Thursday, January 29, 2009

The Father Factor: Advanced Paternal Age

We are used to the idea that advanced age of mothers places children at risk for Downs' Syndrome. New evidence is coming to light that the advanced age of fathers may be a factor as well. This article from Scientific American is based on the Israeli study I have already reported on this blog, here, here, here and here.
But the article has some new info as well:
Researchers had analyzed medical records in Israel, where all young men and most women must report to the draft board for mandatory medical, intelligence and psychiatric screening. They found that children born to fathers 40 or older had nearly a sixfold increase in the risk of autism as compared with kids whose fathers were younger than 30. Children of fathers older than 50—that includes me—had a ninefold risk of autism.

The researchers said that advanced paternal age, as they call it, has also been linked to an increased risk of birth defects, cleft lip and palate, water on the brain, dwarfism, miscarriage and “decreased intellectual capacity.”

What was most frightening to me, as someone with mental illness in the family, is that older fatherhood was also associated with an increased risk of schizophrenia. The risk rises for fathers with each passing year. The child of a 40-year-old father has a 2 percent chance of having schizophrenia—double the risk of a child whose father is younger than 30. A 40-year-old man’s risk of having a child with schizophrenia is the same as a 40-year-old woman’s risk of having a child with Down syndrome....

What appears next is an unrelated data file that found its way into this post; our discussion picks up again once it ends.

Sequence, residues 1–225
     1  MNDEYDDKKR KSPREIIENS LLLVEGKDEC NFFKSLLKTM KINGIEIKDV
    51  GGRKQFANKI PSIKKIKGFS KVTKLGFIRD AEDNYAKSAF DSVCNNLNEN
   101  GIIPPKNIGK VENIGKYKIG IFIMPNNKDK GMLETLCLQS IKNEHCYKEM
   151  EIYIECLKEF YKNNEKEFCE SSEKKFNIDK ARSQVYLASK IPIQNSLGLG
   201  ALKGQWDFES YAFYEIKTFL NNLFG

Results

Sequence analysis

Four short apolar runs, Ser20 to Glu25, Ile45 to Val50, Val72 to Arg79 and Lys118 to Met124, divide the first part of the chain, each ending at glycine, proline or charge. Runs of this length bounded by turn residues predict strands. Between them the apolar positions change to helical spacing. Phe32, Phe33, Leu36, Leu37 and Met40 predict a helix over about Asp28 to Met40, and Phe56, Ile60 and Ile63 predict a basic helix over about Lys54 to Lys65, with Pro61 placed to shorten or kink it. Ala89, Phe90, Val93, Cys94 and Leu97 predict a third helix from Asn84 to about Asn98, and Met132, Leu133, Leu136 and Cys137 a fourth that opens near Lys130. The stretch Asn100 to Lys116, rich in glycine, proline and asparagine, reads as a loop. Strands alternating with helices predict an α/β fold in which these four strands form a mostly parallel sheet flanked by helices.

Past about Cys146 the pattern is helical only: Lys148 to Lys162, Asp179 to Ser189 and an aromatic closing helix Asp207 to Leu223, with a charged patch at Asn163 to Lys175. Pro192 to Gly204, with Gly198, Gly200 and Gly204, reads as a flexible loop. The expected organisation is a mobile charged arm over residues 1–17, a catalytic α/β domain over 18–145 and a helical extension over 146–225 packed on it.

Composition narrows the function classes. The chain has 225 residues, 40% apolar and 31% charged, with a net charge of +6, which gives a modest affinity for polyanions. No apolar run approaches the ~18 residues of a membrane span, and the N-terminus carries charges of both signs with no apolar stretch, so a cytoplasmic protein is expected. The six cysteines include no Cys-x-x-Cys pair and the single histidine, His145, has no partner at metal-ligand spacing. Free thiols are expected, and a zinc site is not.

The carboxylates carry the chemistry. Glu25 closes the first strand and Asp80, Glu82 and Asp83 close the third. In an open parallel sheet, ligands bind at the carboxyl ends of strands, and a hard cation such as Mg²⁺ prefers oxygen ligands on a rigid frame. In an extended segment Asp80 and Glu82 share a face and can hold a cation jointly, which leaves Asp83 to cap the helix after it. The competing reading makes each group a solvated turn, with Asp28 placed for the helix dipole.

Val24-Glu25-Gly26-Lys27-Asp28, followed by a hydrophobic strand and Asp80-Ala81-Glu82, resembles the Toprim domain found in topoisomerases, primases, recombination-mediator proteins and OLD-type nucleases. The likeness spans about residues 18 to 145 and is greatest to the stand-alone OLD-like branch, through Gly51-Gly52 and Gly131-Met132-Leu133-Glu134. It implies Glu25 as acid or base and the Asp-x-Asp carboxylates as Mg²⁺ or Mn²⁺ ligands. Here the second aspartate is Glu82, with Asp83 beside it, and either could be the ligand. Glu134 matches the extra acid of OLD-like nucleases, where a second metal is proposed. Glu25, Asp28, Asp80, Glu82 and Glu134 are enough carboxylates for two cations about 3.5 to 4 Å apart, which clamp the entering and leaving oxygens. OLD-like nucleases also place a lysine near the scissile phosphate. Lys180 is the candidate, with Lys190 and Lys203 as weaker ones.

a 1912 study not(ed) that a form of dwarfism called achondroplasia was more common among the last-born children in families than among the first-born. Weinberg didn’t know why that was so, but he speculated that it might be related to the age of the parents, who were obviously older when their last children were born. Weinberg’s prescient observation was confirmed decades later when research showed that he was half right: the risk of dwarfism rose with the father’s age but not the mother’s.

Since then, about 20 inherited ailments have been linked to paternal age, including progeria, the disorder of rapid aging, and Marfan syndrome, a disorder marked by very long arms, legs, fingers and toes, as well as life-threatening heart defects. More recent studies have linked fathers’ age to prostate and other cancers in their children. And in September 2008 researchers linked older fathers to an increased risk of bipolar disorder in their children.

Read it all here.

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